The mid-October groundswell that brought opening day to Mavericks also ended a months-long streak of fog and dribble at San Francisco's Ocean Beach. The water hovered in the upper 50s, mornings saw slight or offshore winds, and the evenings enjoyed golden sunsets. It was the best the weather had been in ages and shapely peaks peeled up and down the beach. This Southern California-like scene may be what the Rip Curl Search organizers hope to meet November 1st, but it's certainly not what locals want for them.
Exiting the water the evening of October 16th, where he'd been tearing up a head-high wedge in Kelly's Cove, a local named Trevor said, "If it's small and rippable like this during the contest, well, you could find that anywhere in the world. Everyone wants to see those guys tackling big, Outer Bar."
Ocean Beach is a challenge of layers. Michael, a transplant from Hawaii said, "Right now it's breaking all over the place, but when the Outer Bar is working, it's a different story. Outside it's more defined. You can't surf the inside, the white water is like waves of concrete coming at you." Other hazards sited by the locals include the infamous Ocean Beach rip currents, localized winds, frigid water, shifting, close-out sets, and the creature known as the "landlord" -- Great Whites. The biggest hurdle may be San Francisco bay itself, as one of the largest bays in the world its tidal fluctuations and affect on Ocean Beach is unavoidable. Rodger Eales, who moved from Ocean Beach, San Diego to Ocean Beach, San Francisco, noted the difference. "Tide is the only reason I can find for why it turns on and off so drastically," he said. "I would paddle out, get tubed on my first three waves and then be sitting in a whirl pool it seems."
While areas at the south end of this four-mile long stretch are considered the best, California State Parks, which issued the contest permit, limited the event to the northern sector. Further, jet skis will be deployed in a safety role only, so the elite 34 will have to bring their paddling skills as well.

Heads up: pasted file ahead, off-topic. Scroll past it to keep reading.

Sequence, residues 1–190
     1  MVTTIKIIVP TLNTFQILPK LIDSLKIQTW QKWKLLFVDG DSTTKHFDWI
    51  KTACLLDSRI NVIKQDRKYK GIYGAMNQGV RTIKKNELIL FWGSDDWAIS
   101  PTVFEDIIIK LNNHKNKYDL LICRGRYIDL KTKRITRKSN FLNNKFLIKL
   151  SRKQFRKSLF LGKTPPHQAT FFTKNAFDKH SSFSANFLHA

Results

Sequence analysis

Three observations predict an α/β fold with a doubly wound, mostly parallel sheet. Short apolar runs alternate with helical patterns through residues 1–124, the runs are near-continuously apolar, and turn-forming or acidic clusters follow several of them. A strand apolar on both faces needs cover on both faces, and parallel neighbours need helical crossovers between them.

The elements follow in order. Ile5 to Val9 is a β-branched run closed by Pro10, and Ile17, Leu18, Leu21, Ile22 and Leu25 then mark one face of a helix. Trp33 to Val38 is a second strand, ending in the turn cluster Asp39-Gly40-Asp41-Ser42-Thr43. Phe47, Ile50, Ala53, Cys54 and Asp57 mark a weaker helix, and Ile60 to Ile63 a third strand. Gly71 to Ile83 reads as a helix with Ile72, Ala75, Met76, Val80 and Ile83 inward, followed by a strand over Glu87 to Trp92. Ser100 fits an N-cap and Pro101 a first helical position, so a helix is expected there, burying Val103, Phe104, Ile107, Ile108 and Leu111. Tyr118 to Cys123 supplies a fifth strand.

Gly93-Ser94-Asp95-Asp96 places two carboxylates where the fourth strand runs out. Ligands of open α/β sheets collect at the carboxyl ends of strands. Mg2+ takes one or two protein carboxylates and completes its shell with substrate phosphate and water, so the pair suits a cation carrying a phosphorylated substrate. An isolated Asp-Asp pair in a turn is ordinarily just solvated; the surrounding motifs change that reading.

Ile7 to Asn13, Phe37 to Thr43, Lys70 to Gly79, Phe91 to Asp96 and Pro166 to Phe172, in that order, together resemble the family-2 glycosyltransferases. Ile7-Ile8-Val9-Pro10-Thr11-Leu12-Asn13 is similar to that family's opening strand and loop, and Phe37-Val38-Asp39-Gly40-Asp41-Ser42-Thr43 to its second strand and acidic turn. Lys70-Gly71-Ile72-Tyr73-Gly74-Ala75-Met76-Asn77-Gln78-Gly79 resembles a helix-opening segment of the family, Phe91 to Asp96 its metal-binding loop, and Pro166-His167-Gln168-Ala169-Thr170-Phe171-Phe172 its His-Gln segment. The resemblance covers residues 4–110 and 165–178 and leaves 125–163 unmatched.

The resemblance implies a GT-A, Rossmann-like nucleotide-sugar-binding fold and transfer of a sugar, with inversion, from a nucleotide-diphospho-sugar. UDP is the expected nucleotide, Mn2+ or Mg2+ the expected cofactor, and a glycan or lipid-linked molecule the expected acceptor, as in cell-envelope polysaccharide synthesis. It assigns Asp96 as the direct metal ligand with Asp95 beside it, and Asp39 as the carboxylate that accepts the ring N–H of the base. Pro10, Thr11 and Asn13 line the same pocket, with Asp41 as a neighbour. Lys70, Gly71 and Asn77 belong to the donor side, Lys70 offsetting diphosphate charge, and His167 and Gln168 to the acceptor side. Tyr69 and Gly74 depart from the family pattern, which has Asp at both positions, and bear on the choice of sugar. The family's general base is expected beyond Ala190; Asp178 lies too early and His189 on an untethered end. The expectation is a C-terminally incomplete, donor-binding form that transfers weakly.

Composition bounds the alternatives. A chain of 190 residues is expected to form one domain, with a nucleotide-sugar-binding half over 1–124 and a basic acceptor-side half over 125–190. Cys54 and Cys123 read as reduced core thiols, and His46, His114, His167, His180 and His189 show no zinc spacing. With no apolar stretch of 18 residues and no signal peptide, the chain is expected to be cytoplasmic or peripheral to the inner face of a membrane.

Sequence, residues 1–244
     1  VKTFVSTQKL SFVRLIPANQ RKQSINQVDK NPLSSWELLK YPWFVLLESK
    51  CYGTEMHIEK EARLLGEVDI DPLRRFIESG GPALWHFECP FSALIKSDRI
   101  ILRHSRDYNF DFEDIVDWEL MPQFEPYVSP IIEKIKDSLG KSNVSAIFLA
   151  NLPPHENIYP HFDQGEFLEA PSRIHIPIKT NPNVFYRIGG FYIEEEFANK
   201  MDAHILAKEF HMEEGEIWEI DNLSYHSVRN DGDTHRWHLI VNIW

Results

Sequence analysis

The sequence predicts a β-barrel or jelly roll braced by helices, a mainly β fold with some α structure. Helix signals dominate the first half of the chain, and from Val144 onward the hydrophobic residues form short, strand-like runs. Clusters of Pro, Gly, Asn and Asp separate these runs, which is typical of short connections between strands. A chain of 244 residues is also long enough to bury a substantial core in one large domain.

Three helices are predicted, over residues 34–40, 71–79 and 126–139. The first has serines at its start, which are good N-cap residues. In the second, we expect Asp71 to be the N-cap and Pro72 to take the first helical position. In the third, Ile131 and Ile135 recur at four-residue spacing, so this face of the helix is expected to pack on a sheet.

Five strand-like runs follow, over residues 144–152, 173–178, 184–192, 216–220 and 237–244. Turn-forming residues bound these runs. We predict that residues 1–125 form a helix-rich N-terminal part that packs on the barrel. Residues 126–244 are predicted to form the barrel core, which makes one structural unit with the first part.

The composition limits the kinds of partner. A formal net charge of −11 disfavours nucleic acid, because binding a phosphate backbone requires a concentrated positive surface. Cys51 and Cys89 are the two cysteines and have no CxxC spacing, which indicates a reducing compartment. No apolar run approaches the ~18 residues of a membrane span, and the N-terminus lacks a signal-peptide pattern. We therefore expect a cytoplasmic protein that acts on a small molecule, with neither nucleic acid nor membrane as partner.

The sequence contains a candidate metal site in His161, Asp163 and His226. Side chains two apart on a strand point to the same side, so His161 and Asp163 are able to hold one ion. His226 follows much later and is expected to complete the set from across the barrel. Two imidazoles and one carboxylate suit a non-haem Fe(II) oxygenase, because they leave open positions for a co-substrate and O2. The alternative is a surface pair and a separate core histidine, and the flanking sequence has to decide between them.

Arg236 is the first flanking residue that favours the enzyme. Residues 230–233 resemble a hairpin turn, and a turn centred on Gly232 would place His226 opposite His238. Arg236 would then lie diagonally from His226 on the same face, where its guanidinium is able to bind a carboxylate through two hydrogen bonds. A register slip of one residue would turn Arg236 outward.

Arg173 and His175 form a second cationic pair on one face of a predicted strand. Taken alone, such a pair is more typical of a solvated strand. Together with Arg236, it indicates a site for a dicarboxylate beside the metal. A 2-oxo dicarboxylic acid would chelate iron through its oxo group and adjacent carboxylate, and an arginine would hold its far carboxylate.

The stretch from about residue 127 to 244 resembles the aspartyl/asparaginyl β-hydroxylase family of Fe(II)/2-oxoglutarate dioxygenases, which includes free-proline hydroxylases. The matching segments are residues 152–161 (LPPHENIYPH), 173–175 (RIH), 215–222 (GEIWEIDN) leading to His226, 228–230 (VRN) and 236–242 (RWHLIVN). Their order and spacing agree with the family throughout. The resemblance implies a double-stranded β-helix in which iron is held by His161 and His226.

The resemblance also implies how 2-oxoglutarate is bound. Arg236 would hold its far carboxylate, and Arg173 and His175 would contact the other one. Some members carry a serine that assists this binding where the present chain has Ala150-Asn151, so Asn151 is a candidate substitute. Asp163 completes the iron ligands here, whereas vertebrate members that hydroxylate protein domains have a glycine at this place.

Many may recall that the Rip Curl Search is a mobile event that had previously been held in exotic and sometimes secretive locations. This aspect of the contest has been met with varying degrees of welcome by host communities. Locals shut down plans for a Search event in Western Australia, but it was warmly received in Arica, Chile. Rip Curl caught quite a bit of criticism for exposing Barra de la Cruz, a former Mexican secret spot, but Rip Curl's event in Peniche, Portugal was so popular it became a World Tour mainstay.
The local sentiment surrounding the Search in San Francisco, however, has been both complicated and evolving. In May, just after the 2011 location was announced, an employee of Mollusk surf shop on Irving Street opined that the event would "Come off great, that is, if their tents don't get burned down."
"There's mixed feelings about the contest coming to Ocean Beach," explained Michael. "There's an idea that Ocean Beach is underground and that a big contest would expose it to people who wouldn't normally come here. Personally, I'm looking forward to watching the best surfers in the world surf our beach, but if the contest exposed other spots that I love, that would be bad."
Rip Curl went so far in its outreach as to host a kind of meet-an-greet at a local bar. This might have done the trick as the conversation has shifted from one of over-exposure to one of viability.
A twenty-something local, Jack Murphy said, "I think it will be awesome to see the tour hour here, but on a selfish level, I also want to see them get shut down the same way we get shut down most times of the year."
Trevor added that he's not in the least worried about the exposure the Search could bring. "Ocean Beach is never going to be a destination spot. It's too fickle," he said. And as far as the success of the contest goes, Trevor suspected it might be a pretty tall order to run heats consistently. Although he estimates that Ocean Beach gets world class a couple dozen days out of the year, Trevor said, "There's no such thing as a 'surf day' at Ocean Beach. It'll be barreling in the morning and complete mush by noon."